Happy AAMAM!

Beyoncé: Flawlessly Made–My Rant!

BeyonceSo it’s been a little over a month now since Beyoncé released her surprise album Beyoncé to the masses.  It took less than two weeks to become certified platinum and has remained at the number one position on the Billboard album chart until two weeks ago (the Disney animated musical Frozen soundtrack bumped her).  Beyoncé says she took control and released her album when she felt it was ready.  I must say for an entertainer to release an album without any promotion to the public and sell well over 600,000 copies essentially on day one is indeed badass!  Beyoncé’s ability to move product at such speeds showcases her immense power as a successful and popular performer.  This is a feat that has not been achieve by any artist . . . ever!  Music writers and academics praised her for this boss move.  But was it really a boss move?  Did she really take control to release the album when she wanted?  Although she is extremely successful, which allows her wide-ranging autonomy in terms of her artistry, it however does not giver her complete control over what she produces . . . the product!  Columbia Records, in which she is signed, has the ultimate control of the product of Beyoncé.  I’m sure her production company Parkwood waged a vigorous fight as to when to release the eponymous album but in the end, Columbia won that battle and worked a deal with iTunes to boot.  To be clear Columbia Records is her boss and they control her image and her output.  She is simply an employee.  However, what was boss was that Columbia Records was able to make it seem like Beyoncé dropped an album in the middle of the night all by herself.  Furthermore, the fact that Beyoncé and her ‘crew’ were able to keep the recording of her album and the production of her videos, which were shot world wide, a secret for over a year is the bossiest of moves!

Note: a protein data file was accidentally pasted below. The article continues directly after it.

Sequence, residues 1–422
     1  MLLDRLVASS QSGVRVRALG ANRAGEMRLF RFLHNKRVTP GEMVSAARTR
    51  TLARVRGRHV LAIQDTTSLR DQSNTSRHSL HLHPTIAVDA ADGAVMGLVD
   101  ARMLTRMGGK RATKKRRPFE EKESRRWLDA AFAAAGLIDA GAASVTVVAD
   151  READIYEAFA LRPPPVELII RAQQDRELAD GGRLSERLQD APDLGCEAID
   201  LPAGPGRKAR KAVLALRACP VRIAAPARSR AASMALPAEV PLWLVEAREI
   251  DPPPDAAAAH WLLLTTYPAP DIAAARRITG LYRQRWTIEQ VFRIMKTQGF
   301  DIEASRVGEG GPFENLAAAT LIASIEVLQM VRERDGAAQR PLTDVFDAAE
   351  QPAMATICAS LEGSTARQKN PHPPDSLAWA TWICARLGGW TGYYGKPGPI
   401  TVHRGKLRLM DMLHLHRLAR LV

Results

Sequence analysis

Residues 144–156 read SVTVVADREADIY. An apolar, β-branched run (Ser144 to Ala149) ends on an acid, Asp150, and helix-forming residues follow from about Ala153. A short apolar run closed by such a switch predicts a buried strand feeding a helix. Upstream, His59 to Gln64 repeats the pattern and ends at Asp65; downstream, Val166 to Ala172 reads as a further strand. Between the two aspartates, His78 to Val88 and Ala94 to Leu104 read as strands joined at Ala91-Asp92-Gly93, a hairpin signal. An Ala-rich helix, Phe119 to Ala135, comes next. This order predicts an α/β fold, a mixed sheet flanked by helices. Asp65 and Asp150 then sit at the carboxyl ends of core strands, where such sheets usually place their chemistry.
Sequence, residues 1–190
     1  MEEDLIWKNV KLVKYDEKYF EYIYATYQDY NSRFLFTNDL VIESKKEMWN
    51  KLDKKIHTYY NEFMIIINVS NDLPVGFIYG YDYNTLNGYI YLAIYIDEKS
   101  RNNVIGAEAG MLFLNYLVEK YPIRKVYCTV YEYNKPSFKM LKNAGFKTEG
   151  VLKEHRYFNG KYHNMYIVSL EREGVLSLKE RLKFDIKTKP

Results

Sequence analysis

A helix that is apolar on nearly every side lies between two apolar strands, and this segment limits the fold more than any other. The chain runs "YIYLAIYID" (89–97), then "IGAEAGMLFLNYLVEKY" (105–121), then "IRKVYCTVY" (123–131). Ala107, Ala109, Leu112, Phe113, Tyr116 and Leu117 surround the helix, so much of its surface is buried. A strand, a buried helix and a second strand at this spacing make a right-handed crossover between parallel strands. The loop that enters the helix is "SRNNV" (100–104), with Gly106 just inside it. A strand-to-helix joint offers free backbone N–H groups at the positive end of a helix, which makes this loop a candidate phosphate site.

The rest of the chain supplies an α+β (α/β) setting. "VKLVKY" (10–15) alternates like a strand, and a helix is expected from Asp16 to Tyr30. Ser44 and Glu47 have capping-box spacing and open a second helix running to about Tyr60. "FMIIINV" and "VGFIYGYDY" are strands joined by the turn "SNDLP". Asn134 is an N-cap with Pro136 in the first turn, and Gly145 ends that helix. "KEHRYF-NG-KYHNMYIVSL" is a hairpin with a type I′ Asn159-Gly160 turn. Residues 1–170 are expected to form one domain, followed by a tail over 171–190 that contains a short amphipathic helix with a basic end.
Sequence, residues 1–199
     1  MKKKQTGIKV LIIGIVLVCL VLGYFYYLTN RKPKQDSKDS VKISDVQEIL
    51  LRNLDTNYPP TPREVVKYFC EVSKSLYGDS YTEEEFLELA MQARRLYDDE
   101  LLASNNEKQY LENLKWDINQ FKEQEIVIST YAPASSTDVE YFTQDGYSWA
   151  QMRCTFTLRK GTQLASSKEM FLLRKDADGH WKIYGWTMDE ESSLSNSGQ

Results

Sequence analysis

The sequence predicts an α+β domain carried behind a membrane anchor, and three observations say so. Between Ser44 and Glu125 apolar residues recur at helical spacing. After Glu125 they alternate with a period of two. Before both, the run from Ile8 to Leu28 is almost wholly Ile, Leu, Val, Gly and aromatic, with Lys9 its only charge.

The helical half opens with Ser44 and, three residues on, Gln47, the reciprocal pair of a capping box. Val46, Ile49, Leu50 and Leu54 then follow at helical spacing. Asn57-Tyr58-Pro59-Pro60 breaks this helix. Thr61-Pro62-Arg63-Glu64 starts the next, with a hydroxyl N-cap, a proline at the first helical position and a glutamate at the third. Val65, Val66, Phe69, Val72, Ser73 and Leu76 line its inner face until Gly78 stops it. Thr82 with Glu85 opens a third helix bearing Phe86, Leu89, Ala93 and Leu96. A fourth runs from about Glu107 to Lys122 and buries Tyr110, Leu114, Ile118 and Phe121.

Not to be outdone by the uproar surrounding the sudden release of Beyoncé is the content therein.  With its 14 audio tracks and 17 accompanying videos, it is a massive endeavor.  The album is both an audio and visual statement.  Immediately, some music writers, fans, and the listening public branded it a work that conveys Beyoncé’s feminist sensibilities.  MSNBC’s Melissa Harris-Perry, among others, excitedly called it her “feminist manifesto” as it lyrically expresses her sexual freedom and visually articulates the power of her body while navigating life as the wife of Hip-Hop mogul Jay Z and the mother of two-year old girl, Blue Ivy.

Jay Z and Mrs. Carter in her feminist heels.

Jay Z and Mrs. Carter in her feminist heels.